What options are available to help you care for your child?
Choosing the type of childcare that will suit your family is an important decision and will be based on what is available to you, your working pattern, your child’s needs and the cost.
There are two types of childcare, registered and unregistered.
Childcare in England is registered and inspected by the Office for Standards in Education (Ofsted). Childcare that is registered falls under one of three registers:
1) Early Years Register (EYR): This covers childcare for children up to the age of five until 31 August following their fifth birthday.
2) Compulsory Ofsted Register (OCR): This covers childcare for children aged five to seven inclusive (unless exempt).
3) Voluntary Ofsted Register (vOCR): This covers childcare for children aged eight and over and care for children of any age that is activity based or provided in the child’s own home. Only childcare that is registered can qualify for help with costs.
All three and four year old children and some eligible two year olds are entitled to 570 hours of free early education in each funded year.
For further information on free childcare and early years education for two, three and four year olds and other help with childcare costs click here.
Childcare options for children aged 0 – 5 years:
- are self-employed child carers who will look after your child in their own home. If they care for children under the age of eight, they must be registered with Ofsted in England.
- can often offer very flexible care. As they work with small groups of children, they may be able to offer more individualised care. They can also look after siblings of different ages.
- will offer the same and play opportunities as other childcare settings such as messy play, arts, music, reading, cookery, imaginative play and out door play. They also will take children to the park, drop in sessions, the library and play groups. Sometimes childminders work with other childminders or employ assistants in order to care for a larger group of children or offer more one to one support where needed.
- are usually paid on an hourly basis at a rate negotiated with the parent. Hourly rates vary around Hampshire. You'll need to discuss required hours, holiday pay and other terms and conditions and ensure that details of these are included in the contract you have with your childminder. You may be entitled to help with your childcare costs.
Childminder agencies (CMA) are organisations designed to offer a ‘one-stop shop’ of services for both childminders and parents.
Organisations, from the Voluntary, Private and Independent sectors and local authorities can provide childminder agency services and must register with the Office for Standards in Education (Ofsted).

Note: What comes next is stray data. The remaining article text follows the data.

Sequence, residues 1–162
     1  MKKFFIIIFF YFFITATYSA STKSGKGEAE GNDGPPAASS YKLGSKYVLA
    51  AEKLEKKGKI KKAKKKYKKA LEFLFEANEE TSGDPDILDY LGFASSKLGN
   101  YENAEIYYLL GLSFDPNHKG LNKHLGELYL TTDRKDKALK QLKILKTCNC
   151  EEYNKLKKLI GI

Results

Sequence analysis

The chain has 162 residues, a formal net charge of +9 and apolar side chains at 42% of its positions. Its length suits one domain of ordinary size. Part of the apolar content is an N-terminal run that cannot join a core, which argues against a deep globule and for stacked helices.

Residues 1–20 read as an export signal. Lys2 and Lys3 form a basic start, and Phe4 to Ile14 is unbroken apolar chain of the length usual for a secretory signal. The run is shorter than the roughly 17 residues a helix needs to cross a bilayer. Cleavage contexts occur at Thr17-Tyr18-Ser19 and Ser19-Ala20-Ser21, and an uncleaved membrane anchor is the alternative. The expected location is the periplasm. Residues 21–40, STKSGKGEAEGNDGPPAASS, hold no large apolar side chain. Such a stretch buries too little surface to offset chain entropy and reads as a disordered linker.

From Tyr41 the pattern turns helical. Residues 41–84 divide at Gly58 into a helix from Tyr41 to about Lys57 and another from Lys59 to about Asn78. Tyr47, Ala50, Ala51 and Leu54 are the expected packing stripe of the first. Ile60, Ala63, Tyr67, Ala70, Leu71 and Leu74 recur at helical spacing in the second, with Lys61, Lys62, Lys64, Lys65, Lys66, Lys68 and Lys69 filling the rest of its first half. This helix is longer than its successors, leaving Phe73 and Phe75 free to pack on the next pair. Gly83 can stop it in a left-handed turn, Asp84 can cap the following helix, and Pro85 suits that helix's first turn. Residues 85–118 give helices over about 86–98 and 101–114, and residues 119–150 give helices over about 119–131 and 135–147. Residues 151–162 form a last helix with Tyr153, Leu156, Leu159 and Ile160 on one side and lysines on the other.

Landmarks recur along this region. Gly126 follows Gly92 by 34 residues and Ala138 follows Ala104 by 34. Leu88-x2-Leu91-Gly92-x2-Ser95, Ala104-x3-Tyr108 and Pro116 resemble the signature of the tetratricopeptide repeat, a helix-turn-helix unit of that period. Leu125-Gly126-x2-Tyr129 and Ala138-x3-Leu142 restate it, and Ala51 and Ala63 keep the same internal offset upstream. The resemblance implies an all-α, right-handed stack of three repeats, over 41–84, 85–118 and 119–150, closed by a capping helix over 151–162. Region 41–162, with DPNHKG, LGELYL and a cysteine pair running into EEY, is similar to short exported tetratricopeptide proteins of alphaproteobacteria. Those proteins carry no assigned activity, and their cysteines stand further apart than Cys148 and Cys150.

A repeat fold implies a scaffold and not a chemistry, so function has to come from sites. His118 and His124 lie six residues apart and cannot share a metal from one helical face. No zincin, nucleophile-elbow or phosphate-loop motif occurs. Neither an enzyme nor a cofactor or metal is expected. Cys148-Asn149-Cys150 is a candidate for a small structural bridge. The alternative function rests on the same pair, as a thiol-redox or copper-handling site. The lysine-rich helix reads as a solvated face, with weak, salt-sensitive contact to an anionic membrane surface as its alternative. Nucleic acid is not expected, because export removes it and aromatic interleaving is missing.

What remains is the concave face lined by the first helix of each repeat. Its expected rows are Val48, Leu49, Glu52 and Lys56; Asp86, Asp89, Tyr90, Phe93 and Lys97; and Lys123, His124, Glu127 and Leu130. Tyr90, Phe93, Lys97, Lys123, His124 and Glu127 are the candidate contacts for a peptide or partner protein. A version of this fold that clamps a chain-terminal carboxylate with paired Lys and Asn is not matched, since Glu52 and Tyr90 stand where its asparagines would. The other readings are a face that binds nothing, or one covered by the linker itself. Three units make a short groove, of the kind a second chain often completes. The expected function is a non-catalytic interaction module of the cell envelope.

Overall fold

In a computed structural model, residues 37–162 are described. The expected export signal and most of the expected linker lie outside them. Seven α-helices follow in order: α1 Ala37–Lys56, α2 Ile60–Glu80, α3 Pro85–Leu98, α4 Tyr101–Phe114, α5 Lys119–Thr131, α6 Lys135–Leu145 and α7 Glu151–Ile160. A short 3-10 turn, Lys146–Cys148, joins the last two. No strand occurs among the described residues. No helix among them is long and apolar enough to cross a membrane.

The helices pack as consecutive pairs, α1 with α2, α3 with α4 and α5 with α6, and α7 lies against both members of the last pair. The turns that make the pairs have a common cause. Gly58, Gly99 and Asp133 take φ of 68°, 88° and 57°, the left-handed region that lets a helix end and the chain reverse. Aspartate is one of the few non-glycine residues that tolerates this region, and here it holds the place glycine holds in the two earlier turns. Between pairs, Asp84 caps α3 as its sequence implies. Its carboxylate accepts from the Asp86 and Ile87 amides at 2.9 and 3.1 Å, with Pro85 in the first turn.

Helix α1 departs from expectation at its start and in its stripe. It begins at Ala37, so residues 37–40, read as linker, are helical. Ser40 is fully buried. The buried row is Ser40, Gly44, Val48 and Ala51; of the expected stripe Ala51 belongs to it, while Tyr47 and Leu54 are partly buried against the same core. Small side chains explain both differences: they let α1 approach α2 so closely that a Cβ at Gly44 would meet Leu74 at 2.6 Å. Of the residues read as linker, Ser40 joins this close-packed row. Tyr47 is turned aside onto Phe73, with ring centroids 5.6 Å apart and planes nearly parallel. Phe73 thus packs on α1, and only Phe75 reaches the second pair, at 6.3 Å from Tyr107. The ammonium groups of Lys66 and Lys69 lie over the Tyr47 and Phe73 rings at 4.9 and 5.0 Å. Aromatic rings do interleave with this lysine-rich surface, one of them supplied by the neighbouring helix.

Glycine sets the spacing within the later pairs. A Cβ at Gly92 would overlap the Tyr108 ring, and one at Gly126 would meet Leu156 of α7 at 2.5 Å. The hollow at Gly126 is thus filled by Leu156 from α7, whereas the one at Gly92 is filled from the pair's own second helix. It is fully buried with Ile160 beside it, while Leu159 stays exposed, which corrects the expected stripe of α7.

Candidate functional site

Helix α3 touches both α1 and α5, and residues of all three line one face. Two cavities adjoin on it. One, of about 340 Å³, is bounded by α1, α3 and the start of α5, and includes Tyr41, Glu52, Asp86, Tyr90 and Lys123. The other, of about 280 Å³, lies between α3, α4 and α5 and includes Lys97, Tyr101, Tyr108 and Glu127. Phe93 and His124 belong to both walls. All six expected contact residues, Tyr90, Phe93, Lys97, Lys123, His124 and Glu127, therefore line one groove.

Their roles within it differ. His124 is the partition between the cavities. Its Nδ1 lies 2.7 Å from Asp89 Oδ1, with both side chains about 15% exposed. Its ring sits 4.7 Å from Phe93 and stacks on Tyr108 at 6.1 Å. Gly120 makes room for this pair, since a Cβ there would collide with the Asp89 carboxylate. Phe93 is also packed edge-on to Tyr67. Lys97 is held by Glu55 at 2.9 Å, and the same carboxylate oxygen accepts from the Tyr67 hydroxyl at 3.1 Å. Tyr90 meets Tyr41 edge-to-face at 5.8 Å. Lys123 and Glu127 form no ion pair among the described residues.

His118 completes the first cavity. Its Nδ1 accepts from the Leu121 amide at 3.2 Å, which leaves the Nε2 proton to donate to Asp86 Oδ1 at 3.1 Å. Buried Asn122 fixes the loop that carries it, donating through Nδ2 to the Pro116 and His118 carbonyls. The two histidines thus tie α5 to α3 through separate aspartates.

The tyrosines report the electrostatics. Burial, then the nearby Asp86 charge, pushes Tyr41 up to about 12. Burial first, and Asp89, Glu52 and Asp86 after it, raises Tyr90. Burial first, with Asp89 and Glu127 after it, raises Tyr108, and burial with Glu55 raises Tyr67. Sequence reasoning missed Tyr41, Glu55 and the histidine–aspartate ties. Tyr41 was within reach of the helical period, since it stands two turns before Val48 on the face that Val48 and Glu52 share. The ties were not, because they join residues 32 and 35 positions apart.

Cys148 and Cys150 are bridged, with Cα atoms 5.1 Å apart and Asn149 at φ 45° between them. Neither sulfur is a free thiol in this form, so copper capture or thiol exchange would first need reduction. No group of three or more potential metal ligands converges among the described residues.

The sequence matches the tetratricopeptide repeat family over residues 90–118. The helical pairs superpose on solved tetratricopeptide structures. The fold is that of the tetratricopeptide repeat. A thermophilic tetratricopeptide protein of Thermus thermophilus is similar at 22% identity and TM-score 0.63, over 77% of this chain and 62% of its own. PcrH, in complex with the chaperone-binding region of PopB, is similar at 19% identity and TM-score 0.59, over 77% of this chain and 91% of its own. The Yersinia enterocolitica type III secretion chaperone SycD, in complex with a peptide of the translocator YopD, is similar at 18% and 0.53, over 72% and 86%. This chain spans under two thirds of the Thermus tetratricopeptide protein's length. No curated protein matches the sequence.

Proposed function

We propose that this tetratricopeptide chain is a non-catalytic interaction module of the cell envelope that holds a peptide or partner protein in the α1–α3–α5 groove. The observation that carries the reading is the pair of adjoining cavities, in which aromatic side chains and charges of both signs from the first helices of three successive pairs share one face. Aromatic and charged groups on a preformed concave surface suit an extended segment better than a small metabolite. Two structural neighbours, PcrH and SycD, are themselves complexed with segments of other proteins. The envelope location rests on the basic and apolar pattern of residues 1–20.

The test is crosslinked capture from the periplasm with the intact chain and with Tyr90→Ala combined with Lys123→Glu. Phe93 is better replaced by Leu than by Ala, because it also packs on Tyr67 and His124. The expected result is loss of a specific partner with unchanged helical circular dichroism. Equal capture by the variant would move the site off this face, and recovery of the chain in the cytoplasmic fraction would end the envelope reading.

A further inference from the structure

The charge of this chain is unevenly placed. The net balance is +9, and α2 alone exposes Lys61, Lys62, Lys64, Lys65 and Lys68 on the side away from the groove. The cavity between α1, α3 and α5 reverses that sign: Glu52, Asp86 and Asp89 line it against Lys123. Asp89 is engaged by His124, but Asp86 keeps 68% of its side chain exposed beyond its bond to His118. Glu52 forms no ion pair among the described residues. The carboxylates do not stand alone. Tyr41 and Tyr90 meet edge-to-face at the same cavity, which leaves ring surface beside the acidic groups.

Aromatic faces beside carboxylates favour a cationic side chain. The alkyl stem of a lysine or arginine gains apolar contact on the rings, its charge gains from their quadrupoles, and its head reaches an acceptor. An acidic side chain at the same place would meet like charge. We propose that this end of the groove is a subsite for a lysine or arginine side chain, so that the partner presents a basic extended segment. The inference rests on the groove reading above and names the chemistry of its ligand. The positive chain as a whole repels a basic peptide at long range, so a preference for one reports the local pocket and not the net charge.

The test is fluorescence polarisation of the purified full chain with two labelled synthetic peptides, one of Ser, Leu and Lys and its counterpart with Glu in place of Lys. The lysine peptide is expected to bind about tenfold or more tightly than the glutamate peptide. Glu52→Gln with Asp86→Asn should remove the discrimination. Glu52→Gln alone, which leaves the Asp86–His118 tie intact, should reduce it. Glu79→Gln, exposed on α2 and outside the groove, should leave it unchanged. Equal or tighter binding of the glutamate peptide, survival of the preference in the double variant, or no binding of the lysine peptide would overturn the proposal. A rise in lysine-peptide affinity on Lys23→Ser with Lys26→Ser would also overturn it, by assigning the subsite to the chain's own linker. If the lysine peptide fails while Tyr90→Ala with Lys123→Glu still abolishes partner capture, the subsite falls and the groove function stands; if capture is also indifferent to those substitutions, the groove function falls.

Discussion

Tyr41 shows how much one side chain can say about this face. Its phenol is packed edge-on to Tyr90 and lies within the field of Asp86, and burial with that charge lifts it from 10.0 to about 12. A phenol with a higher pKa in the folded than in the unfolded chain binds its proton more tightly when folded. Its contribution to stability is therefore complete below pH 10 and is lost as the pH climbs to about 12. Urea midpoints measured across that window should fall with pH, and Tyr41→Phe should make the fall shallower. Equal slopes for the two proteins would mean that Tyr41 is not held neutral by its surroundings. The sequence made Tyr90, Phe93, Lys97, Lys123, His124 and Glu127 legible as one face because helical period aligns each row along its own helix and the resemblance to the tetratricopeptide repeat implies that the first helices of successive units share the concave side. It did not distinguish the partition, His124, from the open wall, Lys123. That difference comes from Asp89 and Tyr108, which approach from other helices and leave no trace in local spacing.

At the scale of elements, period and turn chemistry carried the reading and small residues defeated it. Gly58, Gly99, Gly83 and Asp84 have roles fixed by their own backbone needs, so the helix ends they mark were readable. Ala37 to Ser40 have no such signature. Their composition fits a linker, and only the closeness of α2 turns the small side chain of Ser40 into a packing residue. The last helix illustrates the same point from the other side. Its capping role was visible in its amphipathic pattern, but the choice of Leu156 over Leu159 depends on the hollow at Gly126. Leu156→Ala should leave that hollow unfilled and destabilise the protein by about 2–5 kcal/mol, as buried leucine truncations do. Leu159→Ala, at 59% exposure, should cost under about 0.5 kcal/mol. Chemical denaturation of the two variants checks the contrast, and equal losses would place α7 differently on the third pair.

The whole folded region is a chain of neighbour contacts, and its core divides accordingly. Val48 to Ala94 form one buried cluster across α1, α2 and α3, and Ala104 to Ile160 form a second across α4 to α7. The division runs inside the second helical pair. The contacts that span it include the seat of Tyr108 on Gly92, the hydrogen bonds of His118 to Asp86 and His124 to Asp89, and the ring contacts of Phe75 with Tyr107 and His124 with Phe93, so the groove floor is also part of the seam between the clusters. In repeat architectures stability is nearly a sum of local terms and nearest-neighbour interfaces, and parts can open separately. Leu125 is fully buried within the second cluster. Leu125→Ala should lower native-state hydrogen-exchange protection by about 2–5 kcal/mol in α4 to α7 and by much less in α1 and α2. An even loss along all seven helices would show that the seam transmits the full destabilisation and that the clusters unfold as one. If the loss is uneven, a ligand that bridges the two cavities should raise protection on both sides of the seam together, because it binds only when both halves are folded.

Once registered with Ofsted, CMAs will attract existing childminders and new childminders who will register directly with the CMA. The CMA will offer training and business support and will quality assure their childminders to ensure that they provide a high quality and safe service for their parents and children.
It is anticipated that CMAs will offer parents a range of services to support them in finding a childminder and offer some additional services, such as cover, when a childminder is sick or on holiday. Each CMA will explain the range of services they provide.
Childminders have a choice as to whether to join a CMA or to be an Independent Childminder registered through Ofsted. It will be for agencies to determine the variety of services they will provide and associated charges, either to the childminder, parent, employer or others for those services.
As a minimum, agencies will be required to maintain a register of childminders, undertake the necessary quality assurance visits and provide the prescribed number of continuing professional development and support hours to their childminders. CMAs will become additional organisations in the childcare market and it is anticipated that these organisations will want to develop services based on what childminders and parents say they want.
Children's centres provide a range of services, such as links to Jobcentre Plus and health support, to the families of children aged 0-5 years.
Some children's centres will provide on site childcare and early education services in, for example, a nursery; and some will provide information to parents about where you can access these types of services locally.
Centres are usually open from 8.00am to 6.00pm all year round and many offer other services such as drop-in sessions and community activities.